Landlords will be barred from renting out properties that fail to meet minimum energy efficiency criteria, under new rules coming into force next week.
The government’s new Minimum Energy Efficiency Standards apply from 1 April, and could affect up to 300,000 properties in the private rented sector.
With a little over a week to go until the changes, there are signs that both landlords and specialist mortgage lenders are still trying to get to grips with the new rules.
Energy Efficiency Standards: what you need to know
From 1 April, rented homes in England and Wales must have a minimum Energy Performance Certificate (EPC) rating of E.
Initially, this will apply only to new tenancies and renewals, before being extended to all existing tenancies by 2020.
That means that landlords will not legally be able to rent out homes with an EPC rating of F or G.
Landlords who fail to adhere to the regulations could face cumulative fines of up to £5,000 – although some exemptions may be in place for buildings of architectural significance. You can check the full set of regulations for more information.
How many landlords will the changes affect?
The Association of Residential Letting Agents claims that the number of properties rated F or G has dropped significantly in the past few years, as landlords have responded to calls for better insulated homes.
Nonetheless, the industry body estimates that around 300,000 homes with F or G ratings could be affected by the new rules.
Yet many landlords appear to be in the dark about the upcoming changes. A survey from the specialist insurance provider Just Landlords found that only 4% of landlords it surveyed were aware of the new regulations.
These findings support research conducted by the energy company Eon last year, which discovered that one in four landlords don’t even know their property’s EPC rating.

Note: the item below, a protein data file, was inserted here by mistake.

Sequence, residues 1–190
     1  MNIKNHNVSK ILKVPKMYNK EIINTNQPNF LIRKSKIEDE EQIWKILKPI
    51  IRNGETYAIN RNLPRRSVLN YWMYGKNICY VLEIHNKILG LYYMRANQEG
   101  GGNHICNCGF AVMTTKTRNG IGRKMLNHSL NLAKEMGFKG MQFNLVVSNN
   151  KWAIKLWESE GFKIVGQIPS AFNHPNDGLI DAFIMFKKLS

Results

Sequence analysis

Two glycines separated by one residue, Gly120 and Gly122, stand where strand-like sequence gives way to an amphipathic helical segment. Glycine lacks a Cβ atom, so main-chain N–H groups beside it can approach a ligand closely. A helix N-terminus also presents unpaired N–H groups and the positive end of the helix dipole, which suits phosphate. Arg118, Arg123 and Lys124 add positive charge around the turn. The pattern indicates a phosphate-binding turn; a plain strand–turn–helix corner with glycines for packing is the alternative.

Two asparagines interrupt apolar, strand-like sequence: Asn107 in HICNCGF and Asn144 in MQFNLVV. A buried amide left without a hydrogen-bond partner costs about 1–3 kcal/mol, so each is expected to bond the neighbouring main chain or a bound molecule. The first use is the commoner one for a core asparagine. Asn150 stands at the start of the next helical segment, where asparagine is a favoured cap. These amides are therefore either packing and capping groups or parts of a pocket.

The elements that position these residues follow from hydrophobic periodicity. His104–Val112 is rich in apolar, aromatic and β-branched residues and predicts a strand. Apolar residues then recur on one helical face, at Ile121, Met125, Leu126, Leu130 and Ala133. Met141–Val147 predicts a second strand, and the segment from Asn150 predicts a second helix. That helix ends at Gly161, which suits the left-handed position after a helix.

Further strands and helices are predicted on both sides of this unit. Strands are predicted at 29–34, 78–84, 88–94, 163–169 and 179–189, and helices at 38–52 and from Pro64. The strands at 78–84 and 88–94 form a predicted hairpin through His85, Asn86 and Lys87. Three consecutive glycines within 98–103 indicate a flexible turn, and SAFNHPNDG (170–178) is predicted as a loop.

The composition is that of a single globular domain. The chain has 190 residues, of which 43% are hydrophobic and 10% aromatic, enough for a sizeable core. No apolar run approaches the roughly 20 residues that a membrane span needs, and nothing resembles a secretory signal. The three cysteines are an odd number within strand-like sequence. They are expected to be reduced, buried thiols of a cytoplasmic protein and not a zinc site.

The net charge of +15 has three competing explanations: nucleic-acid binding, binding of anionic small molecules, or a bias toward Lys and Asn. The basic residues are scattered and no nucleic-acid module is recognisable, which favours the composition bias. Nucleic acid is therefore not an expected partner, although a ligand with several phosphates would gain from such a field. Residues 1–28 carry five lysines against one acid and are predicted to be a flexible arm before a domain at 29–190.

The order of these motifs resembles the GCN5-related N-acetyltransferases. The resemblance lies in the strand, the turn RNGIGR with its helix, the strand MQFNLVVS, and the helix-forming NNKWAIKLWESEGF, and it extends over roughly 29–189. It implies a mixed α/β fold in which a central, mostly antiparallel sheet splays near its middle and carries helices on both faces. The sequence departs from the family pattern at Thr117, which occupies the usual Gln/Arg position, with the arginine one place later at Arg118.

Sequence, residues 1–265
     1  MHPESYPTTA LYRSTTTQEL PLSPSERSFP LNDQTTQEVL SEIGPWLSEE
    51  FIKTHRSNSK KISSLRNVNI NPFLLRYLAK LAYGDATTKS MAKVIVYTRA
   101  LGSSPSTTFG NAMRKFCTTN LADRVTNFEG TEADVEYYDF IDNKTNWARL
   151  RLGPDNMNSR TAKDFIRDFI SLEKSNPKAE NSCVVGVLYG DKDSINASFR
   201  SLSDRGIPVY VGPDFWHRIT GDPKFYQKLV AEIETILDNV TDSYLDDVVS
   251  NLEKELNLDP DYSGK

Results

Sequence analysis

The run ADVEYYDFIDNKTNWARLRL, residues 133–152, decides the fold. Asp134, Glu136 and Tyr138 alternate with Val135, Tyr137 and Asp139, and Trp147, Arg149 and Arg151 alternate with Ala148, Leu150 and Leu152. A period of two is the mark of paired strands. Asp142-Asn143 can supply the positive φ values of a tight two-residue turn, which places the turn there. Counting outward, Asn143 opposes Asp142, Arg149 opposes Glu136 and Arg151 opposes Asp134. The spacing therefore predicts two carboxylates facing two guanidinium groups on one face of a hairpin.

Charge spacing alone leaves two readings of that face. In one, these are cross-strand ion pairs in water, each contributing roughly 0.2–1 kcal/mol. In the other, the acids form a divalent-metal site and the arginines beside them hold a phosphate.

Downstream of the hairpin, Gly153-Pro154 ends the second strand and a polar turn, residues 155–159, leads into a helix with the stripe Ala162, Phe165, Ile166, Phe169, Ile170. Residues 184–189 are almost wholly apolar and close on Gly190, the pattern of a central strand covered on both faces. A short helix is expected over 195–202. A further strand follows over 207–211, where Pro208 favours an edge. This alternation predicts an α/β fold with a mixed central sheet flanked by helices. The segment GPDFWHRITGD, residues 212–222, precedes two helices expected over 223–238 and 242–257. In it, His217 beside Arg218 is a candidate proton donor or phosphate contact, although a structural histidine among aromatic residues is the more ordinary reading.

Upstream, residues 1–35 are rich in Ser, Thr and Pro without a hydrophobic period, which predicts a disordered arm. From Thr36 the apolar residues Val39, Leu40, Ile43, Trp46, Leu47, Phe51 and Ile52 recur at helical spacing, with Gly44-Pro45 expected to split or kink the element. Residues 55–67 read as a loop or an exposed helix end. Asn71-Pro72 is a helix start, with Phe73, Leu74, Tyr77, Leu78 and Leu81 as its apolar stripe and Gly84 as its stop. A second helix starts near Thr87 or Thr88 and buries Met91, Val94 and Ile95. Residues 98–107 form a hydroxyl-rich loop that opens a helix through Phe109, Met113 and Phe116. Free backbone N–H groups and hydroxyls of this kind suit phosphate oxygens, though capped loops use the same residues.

What is an energy performance certificate?
All properties listed for sale or rent in the UK must have a valid Energy Performance Certificate (EPC), which provides a rating of how efficiently your home uses energy.
The EPC ratings range from Grade A (most efficient), to Grade G (least efficient), with a home that has a better rating in theory benefiting from lower energy bills.
EPCs last for 10 years, and can be be performed by any accredited assessor.
- Check out whether your property already has a valid EPC on the government’s EPC retrieval site.
- Download an example of an EPC from 2016.
Will EPC changes affect mortgage applications?
Some brokers have expressed concern that the new regulations will stall mortgage approvals by adding additional paperwork.
Finance might be harder to come by for properties with poor energy efficiency ratings. A handful of lenders, including Coventry and OneSavings Bank, have already made changes to their lending criteria.
Coventry says it will no longer lend on properties with EPC ratings below E (unless they have a valid exemption), while OneSavings says it will require solicitors to advise borrowers of the regulations.
Improving your EPC rating
If you’re interested in learning the basics about improving energy efficiency, you can check out the following Which? guides:
- How to buy energy saving products – from bulbs to boilers, learn about out the running costs of home appliances.
- 10 ways to save on energy bills – discover the main ways you can improve your energy efficiency.
- Home improvements – we explain which energy efficiency improvements make financial sense, including cavity wall insulation, loft insulation and draught proofing.